In recent years, several foreign companies have used the English law scheme of arrangement as a flexible restructuring method to compromise creditor claims. The decision of the High Court in the latest of these cases, that of the German company Rodenstock GmbH, clarifies that an English court will accept jurisdiction where the only connection to England is that the company’s finance documents were governed by English law.
Rodenstock had no establishment or assets in the UK, and its centre of main interests was in Germany. Faced with a worsening financial situation and breaches of its financial covenants, the company sought an English scheme of arrangement to achieve a restructuring. A minority of lender creditors objected on the basis that the English court did not have jurisdiction to hear the application to sanction the scheme.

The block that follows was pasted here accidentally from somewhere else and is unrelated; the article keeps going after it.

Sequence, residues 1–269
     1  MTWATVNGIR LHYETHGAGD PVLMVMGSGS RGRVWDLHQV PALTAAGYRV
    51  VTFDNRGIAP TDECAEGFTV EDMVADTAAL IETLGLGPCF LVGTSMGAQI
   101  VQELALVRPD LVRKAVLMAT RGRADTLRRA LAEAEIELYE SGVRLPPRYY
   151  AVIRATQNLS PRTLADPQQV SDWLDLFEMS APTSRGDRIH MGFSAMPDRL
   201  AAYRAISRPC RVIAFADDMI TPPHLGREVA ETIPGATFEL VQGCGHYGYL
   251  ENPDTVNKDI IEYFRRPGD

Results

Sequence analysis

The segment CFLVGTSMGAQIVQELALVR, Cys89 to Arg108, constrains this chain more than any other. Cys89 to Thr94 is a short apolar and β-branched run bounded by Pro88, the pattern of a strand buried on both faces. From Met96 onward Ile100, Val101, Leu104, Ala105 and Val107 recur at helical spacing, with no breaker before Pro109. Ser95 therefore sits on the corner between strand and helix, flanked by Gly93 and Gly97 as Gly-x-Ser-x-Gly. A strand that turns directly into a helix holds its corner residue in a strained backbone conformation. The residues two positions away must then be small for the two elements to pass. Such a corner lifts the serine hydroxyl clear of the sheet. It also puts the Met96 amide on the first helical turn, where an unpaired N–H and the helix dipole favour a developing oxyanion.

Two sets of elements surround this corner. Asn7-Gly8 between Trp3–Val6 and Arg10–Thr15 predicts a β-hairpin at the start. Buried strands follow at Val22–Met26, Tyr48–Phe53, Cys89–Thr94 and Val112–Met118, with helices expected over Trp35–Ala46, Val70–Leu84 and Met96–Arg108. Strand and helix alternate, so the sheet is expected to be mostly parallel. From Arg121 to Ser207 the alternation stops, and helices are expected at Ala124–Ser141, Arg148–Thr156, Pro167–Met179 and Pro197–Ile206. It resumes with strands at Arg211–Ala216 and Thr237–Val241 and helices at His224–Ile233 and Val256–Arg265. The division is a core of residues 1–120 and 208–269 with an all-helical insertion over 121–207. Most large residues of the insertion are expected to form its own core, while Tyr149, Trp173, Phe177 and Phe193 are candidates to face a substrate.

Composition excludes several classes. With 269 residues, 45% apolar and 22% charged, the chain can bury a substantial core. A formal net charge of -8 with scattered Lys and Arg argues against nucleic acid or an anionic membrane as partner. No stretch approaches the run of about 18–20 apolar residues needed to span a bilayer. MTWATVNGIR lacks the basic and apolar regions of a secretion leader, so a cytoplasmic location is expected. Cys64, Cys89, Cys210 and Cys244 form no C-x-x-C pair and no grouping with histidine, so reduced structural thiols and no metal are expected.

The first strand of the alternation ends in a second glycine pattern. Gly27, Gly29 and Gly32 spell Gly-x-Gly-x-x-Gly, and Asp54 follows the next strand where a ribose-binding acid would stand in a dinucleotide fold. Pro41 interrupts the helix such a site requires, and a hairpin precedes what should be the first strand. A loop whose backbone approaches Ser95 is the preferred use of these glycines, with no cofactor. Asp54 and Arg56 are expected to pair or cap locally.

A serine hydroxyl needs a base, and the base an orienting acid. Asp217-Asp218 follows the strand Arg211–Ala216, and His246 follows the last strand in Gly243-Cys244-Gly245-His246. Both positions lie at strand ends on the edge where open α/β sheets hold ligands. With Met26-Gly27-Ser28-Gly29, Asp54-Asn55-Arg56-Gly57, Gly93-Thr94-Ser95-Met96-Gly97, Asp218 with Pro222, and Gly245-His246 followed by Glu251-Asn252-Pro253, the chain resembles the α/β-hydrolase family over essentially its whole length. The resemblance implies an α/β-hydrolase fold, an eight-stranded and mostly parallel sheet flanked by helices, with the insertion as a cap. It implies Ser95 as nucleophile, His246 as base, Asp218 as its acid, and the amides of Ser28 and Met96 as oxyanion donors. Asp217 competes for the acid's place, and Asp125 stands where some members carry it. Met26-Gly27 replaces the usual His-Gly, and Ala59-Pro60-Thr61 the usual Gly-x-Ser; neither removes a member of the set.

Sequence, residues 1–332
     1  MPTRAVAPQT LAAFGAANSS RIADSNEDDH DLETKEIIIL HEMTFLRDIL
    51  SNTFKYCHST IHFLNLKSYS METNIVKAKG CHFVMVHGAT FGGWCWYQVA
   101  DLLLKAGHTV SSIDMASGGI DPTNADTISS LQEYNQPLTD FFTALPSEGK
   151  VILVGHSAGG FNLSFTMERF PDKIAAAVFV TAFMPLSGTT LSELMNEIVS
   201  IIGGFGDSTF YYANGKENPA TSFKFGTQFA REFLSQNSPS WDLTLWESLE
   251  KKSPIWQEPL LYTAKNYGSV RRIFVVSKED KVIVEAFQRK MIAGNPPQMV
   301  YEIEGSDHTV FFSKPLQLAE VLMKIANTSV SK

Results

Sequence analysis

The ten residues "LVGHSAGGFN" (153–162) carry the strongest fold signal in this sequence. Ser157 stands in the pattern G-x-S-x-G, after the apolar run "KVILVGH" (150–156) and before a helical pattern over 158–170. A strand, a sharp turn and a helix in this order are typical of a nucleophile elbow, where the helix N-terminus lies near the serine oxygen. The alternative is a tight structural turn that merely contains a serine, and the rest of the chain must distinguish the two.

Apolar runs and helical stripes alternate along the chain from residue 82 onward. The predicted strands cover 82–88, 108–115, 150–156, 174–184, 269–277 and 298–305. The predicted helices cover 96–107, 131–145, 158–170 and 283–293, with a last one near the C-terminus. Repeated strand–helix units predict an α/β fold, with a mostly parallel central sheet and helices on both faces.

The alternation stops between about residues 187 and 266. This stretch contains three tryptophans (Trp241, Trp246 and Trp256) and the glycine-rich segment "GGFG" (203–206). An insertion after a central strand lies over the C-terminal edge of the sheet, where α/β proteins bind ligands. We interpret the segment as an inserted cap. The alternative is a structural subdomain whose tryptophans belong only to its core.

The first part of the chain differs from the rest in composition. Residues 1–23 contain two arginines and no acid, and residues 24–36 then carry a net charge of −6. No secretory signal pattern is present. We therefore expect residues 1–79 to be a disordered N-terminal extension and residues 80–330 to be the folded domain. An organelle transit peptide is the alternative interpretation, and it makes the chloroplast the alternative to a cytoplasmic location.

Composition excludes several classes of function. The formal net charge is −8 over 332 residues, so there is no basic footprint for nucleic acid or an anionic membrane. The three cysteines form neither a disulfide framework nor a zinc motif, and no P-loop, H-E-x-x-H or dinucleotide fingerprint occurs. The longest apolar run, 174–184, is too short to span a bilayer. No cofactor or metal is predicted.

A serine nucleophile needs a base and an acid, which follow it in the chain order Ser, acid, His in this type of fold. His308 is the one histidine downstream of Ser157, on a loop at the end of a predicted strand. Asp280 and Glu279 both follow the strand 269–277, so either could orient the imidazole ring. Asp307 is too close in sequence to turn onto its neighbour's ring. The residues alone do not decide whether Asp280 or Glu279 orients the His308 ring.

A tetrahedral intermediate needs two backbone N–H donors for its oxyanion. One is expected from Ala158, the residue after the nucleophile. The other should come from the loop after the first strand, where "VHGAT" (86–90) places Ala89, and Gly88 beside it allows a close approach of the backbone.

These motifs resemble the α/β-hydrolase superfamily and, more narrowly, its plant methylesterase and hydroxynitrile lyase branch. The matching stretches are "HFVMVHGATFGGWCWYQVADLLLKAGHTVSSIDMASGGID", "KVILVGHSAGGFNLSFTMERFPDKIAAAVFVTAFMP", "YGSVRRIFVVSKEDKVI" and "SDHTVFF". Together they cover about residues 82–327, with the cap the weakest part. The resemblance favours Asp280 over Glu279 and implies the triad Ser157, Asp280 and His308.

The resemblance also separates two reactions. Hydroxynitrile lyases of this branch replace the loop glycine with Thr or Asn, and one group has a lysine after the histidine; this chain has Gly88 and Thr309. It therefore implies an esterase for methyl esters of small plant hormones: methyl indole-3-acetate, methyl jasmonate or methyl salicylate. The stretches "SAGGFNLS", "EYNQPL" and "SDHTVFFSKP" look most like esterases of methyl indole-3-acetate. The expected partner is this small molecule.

Previous cases have established that it is necessary to show a “sufficient connection” with England to allow an English court to sanction a scheme. The High Court concluded that the scheme should be sanctioned on the basis of the choice of English law and exclusive jurisdiction clause contained in the company’s facilities agreement. This underlines the usefulness to borrowers of English law and English governing law and jurisdiction clauses in finance agreements.